Last month we welcomed you back to a “new normal” school year, reflecting on how resilient we have been during the pandemic. As we’ve gathered back together in real life, we’ve also had more up close and personal opportunities to experience the “new normal” of a university doing the important work of reckoning with racial injustice.
We are not alone. Across the nation, colleges and universities have taken up this important work. Earlier this year, for example, the American Association of Colleges and Universities asking “how higher education is—or ought to be—responding to this moment of racial reckoning.” Among the questions participants explored were:
- How can institutions move beyond making statements and act to create meaningful change?
- How has the current global climate contributed to the increase in racist and other discriminatory incidents on campus, and what can be done to reverse the trend?
- How are faculty being prepared to address racism and equity issues in the classroom?
There are many points of entry into such work, but the most successful outcomes stem from the authentic and explicit values of those who undertake them. Authentic values, whether explicit or implicit, are always at work; they serve as a guide for decision-making at all levels, from the highest-order strategic planning to the most on-the-spot response to a spontaneous conversation.
The Graduate College’s values are forged through our mission to enrich and advance the graduate school experience for all students and to build a student-centered culture with a commitment to inclusion and innovation, in line with the ASU charter and values. As an institution of learning at the highest level, ASU rests on a commitment to freedom of inquiry, allied to the freedom of speech, in pursuit of the truth. We can only find it together through rigorous and respectful debate, and one of our most important jobs is to create and foster the opportunities for that to happen.
One such opportunity is next week's Graduate College Distinguished Lecture with Dr. Andre Perry: Canceling student debt is anti-racist (and why we must do it). Dr. Perry, a Brookings Institution fellow, will discuss how centering student debt policy around students of color would help to combat historic systemic racism that has prevented Black people and people of color from gaining the wealth they were denied for centuries—making it more difficult for them to pay back their student loans, acquire homes and start businesses.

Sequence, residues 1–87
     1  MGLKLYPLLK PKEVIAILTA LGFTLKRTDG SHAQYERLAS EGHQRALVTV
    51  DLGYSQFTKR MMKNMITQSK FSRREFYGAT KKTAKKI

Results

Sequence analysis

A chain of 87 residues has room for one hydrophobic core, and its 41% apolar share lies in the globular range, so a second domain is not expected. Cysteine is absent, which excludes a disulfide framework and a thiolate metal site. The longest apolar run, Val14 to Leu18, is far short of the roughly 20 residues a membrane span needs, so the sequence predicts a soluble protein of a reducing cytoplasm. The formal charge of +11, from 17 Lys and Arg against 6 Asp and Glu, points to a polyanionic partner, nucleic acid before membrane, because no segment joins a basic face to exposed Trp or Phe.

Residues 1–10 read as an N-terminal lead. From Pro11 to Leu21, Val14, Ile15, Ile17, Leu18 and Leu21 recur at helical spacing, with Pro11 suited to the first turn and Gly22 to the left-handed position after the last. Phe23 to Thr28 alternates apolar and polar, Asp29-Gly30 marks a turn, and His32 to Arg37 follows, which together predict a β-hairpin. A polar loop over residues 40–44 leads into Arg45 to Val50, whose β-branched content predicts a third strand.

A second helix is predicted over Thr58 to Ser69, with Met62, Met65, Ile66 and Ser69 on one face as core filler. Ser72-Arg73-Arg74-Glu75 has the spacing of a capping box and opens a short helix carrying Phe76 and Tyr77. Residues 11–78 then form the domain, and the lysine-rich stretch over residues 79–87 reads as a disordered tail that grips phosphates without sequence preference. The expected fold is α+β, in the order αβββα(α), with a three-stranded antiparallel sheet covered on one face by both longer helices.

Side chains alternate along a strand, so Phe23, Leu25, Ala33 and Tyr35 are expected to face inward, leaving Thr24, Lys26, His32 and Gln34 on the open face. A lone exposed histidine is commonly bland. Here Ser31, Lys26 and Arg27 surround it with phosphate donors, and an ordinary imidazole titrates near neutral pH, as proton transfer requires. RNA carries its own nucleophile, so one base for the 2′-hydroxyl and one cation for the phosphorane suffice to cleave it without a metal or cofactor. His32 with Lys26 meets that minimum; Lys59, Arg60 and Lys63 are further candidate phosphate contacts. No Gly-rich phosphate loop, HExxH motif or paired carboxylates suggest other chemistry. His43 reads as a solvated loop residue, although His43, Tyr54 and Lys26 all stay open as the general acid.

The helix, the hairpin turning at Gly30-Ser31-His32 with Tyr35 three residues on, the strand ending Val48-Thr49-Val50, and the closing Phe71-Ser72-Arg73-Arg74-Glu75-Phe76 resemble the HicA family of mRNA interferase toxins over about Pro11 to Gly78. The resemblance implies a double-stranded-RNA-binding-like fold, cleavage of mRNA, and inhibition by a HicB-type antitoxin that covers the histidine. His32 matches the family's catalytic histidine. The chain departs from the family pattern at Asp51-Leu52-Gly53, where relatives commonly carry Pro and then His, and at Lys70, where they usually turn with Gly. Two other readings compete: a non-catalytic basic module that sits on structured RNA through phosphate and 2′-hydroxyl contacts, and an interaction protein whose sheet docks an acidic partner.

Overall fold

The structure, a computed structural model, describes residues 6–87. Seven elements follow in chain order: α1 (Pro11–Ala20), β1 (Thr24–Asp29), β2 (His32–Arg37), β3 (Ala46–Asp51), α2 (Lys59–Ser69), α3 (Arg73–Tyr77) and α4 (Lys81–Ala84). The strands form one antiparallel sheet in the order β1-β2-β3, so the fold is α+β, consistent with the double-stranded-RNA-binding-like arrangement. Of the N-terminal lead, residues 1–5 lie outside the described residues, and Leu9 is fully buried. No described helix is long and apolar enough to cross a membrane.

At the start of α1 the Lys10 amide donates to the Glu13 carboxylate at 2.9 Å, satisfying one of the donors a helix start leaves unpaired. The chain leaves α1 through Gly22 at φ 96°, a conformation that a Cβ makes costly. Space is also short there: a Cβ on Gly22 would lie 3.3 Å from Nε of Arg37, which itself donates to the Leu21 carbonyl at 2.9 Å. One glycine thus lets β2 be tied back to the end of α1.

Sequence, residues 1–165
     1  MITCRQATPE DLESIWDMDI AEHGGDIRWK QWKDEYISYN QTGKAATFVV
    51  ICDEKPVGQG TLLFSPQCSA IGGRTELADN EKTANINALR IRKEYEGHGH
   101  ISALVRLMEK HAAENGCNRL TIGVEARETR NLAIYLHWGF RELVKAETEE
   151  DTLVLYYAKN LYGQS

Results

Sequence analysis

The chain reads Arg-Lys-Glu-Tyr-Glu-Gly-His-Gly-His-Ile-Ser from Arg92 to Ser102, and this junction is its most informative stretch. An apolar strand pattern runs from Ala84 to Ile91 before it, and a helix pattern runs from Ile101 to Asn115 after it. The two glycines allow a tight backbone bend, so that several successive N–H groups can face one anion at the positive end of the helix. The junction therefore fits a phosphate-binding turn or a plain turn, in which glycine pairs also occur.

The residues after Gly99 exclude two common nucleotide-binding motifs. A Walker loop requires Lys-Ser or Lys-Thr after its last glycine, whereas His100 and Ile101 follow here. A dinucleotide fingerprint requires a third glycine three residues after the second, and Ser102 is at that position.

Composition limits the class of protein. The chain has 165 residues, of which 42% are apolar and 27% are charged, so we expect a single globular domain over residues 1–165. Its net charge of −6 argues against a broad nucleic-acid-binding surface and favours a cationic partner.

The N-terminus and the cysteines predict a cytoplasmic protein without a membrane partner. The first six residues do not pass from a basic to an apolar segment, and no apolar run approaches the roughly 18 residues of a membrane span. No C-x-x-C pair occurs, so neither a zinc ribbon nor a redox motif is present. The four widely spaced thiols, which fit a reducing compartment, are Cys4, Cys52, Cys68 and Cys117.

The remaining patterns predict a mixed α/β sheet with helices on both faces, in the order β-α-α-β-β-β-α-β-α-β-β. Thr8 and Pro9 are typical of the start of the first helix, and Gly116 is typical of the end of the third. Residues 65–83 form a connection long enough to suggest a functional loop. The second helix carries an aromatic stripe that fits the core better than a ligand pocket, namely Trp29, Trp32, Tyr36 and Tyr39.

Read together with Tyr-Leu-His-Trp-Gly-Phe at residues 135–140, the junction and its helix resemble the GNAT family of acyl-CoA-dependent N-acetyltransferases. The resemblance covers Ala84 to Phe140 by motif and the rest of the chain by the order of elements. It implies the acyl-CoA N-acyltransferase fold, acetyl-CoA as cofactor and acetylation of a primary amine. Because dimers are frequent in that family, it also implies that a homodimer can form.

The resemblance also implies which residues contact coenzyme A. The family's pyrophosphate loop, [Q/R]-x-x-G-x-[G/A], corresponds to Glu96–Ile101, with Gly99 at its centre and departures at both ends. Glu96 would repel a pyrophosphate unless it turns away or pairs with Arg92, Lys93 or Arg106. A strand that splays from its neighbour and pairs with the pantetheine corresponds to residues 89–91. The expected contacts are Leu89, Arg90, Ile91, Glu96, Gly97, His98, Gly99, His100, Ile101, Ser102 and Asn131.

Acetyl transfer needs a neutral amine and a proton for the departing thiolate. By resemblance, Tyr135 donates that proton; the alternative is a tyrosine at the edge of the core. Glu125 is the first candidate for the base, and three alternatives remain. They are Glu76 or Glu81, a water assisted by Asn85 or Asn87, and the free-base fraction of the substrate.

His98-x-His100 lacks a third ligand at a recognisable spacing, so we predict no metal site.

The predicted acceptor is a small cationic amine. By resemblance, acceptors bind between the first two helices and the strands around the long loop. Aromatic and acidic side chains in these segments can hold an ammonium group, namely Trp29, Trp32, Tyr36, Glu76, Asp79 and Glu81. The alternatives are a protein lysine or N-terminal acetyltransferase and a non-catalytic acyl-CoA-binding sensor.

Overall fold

You can attend the Distinguished Lecture in person or virtually. Dr. Battinto L. Batts Jr., dean of the Walter Cronkite School of Journalism and Mass Communication at ASU, will lead the discussion in his role as an award-winning journalist.
Personal values represent how one ascribes importance to ideas around what is moral, fair, ethical and desirable. It is minding our personal values that helps us decide what is important to us and how to make good decisions. If we are clear about our own values, we have a foundation for making decisions we are comfortable with. When we aren’t clear about our values, we leave ourselves more vulnerable to doubt and confusion. In those moments, taking a breath and thinking about what we value gives us the space we need to stay true to ourselves when it counts.
Conduct a personal values inventory
A great way to clarify your personal values is to list and define them. Here is a list of 100 values. Look through the list below and select your top 10. Which values really define you? Which of these are really aspirational? Reflect on what was hard about picking just 10? Doing a personal values inventory like this once or twice a year is a great way to align your decision-making and goals and to keep yourself on track when the going gets tough.
Vice Provost and Dean, Elizabeth Wentz
Associate Dean, Tamara Underiner